There have also been some bluefin showings at the 267 Spot, the area 5 to 8 miles off the coast between Laguna Beach and Newport Beach, the 14 Mile Bank, the 152 Spot and the 277 Spot. The best bet for yellowfin has been at the Avalon Bank, the 152 Spot and the 277 Spot with the ridge that runs outside of the 277 Spot and outside of the 152 Spot being the best. Mackerel, sardines, poppers and cedar plugs have been working for the yellowfin. One of the best ways to find biting yellowfin has been to locate porpoise and to fish sardines and mackerel over meter marks found with the porpoise.


There have been a few marlin around in both the Catalina and the San Diego area. There is an occasional marlin hookup reported in the San Diego region incidental to tuna fishing for boats working the region of the 224 Spot and the end of the Ridge below the 182 Spot. The past several days have seen one marlin caught and released from this zone and another hookup reported on a fish that had bit on a trolled cedar plug. In the Catalina region there are occasional marlin encounters reported around the eastern part of the Island in the region of the 152 Spot, the Slide, Avalon and the Avalon Bank. I do not know of any marlin being caught and released from this area during the past several days.


Boats continue to deep drop fish for swordfish and there continues to be some action. The best areas in the Catalina region have been at the 152 Spot off the East End and while fishing in 160 to 250 fathoms off the Slide. The best zones in the San Diego region have been while fishing up above the 9 Mile Bank around the 178 Spot and while fishing the outside edges of the upper end of the 9 Mile Bank. There have been some bites reported by private boats deep drop fishing in recent days and some swordfish have been caught by commercial boats that have been deep drop fishing. I do not have a report of a sport caught swordfish being caught since early in the week.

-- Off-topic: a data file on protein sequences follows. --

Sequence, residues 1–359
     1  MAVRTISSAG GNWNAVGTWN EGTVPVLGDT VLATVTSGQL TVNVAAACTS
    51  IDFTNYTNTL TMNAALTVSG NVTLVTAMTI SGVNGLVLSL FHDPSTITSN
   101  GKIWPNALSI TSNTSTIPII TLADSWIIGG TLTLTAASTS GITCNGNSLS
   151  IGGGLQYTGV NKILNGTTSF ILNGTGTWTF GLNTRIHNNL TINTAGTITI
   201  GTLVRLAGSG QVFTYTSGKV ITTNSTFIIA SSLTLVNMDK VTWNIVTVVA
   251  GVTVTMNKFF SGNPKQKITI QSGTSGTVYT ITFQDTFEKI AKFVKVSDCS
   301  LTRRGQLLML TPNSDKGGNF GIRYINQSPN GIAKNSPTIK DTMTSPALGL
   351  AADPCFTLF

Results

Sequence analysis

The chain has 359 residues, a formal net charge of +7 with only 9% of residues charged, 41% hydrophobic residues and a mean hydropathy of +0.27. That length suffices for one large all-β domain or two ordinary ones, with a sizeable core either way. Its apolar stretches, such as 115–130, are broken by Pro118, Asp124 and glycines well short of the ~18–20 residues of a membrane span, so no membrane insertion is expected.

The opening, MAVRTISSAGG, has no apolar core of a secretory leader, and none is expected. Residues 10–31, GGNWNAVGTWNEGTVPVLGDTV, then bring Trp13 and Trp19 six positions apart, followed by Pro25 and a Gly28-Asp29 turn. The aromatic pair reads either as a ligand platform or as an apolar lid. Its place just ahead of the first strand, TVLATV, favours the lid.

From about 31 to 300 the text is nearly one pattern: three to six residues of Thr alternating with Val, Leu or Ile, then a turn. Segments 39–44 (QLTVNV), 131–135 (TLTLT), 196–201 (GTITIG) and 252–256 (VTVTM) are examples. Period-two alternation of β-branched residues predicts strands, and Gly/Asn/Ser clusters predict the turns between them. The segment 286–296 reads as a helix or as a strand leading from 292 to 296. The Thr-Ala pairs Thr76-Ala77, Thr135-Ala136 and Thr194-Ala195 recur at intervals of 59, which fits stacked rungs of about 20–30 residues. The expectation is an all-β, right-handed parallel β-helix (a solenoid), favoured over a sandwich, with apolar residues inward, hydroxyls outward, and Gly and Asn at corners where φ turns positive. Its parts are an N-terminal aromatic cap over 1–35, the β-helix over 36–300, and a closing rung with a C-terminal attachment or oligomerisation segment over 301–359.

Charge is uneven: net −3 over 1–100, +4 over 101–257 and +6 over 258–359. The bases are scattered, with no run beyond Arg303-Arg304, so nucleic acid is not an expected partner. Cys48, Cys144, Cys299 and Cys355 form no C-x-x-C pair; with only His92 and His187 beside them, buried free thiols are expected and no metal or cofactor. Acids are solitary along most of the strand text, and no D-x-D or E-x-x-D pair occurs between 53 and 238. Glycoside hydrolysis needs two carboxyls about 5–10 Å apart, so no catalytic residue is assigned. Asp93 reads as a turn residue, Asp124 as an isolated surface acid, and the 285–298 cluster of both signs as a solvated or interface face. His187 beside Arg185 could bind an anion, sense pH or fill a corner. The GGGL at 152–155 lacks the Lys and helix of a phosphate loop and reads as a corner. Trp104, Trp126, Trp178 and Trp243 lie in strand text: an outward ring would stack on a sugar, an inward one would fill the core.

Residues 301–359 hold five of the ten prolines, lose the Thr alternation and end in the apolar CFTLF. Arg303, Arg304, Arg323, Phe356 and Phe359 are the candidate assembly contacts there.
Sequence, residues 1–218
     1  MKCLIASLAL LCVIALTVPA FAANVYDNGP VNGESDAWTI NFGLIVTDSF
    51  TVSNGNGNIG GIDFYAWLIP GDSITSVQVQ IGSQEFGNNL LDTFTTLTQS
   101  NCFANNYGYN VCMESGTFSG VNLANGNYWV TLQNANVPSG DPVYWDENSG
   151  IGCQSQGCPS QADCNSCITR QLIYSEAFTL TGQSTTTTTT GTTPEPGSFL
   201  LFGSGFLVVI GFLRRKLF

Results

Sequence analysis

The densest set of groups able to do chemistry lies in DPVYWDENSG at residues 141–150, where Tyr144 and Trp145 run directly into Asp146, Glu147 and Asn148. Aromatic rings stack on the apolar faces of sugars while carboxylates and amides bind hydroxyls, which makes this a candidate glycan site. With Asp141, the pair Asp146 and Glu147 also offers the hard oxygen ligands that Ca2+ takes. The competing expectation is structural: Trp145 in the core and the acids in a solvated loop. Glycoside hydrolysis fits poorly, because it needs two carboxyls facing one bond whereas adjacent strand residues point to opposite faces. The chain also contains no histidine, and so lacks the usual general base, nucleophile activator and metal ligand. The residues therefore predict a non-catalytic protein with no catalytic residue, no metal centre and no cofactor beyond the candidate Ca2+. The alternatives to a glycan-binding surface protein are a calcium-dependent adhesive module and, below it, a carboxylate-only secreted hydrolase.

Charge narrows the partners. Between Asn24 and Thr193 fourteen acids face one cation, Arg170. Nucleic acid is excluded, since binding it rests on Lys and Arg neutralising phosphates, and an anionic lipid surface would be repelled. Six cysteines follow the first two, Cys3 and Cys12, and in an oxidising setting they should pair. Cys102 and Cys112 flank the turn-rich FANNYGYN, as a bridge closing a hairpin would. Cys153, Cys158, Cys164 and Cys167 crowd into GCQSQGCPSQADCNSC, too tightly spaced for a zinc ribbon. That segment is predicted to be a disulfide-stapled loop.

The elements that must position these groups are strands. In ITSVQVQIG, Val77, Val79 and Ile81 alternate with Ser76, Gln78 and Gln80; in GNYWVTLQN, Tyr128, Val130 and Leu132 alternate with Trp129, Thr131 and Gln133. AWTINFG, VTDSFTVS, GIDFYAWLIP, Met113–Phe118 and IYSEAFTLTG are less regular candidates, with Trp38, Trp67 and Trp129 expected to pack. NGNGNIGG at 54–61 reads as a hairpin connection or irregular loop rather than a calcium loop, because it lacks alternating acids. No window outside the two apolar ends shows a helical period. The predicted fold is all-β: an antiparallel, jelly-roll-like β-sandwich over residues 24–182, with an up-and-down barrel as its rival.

There are hardly any boats fishing at the Coronado Islands because of the good tuna fishing offshore. Last report from the Coronado Islands was late last week when there were some yellowtail found biting along the weather side of North Island in the Pukey Point region. In addition to a chance at yellowtail there has also been good fishing around the Coronados for an assortment of reds, salmon grouper, whitefish and other assorted rockfish. Productive bottom fishing areas have been at the South Kelp Ridge while fishing in 25 to 40 fathoms of water and at the hard bottom areas to the north, the northwest and the northeast of North Island while fishing in 20 to 45 fathoms of water.


The fishing along the San Diego County coast continues to be good for a mix of sand bass, calico bass, reds, rockfish, whitefish and sculpin and there has also been a chance at catching a bonus bonito, lingcod, halibut or yellowtail. The best zone for a chance at scratching out a yellowtail along the coast has been at the upper end of La Jolla but the yellowtail fishing has been slow.


Calico bass are still biting at kelp bed areas up and down much of the San Diego County coast but a lot of the sportboats have been focusing on fishing for rockfish. Some of the more productive areas for calicos have been the Point Loma Kelp Beds, the kelp at the upper end of La Jolla, the kelp bed areas between Solana Beach and South Carlsbad, the Barn Kelp, Yellowtail Kelp and the kelp off Box Canyon.


In addition to the kelp bed areas, hard bottom and structure spots have also been producing some bass and sculpin with productive places being the Imperial Beach Pipeline, hard bottom spots between the Imperial Beach Pipeline and the Mexico border, the hard bottom to the north and northwest of Buoy #3 at Point Loma, the Green Tank, the upper end of La Jolla, Del Mar, the Anderson and Buccaneer Pipelines, the artificial reefs outside of Oceanside and Box Canyon.


Rockfish are what a lot of the coastal fishing trip sportboats have been focusing on lately. There have been recent reports of good rockfish catches coming from hard bottom areas around the International Reef, the Imperial Beach Pipeline, the Whistler Buoy at Point Loma, the Point Loma Pipeline, the Green Tank at Point Loma, the upper end of La Jolla, Torrey Pines, Del Mar and Box Canyon.


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It is my goal to provide you timely and accurate information in these reports containing news from right off the water. If you require more details that include the specific location of where significant catches have been made, I refer you to the daily Member’s Reports at www.976bite.com . Those Member’s Reports contain additional specifics that include latitude and longitude coordinates and other descriptive references about where and how fish are being caught. Make the most efficient use of your precious time on the water with the use of timely and accurate information.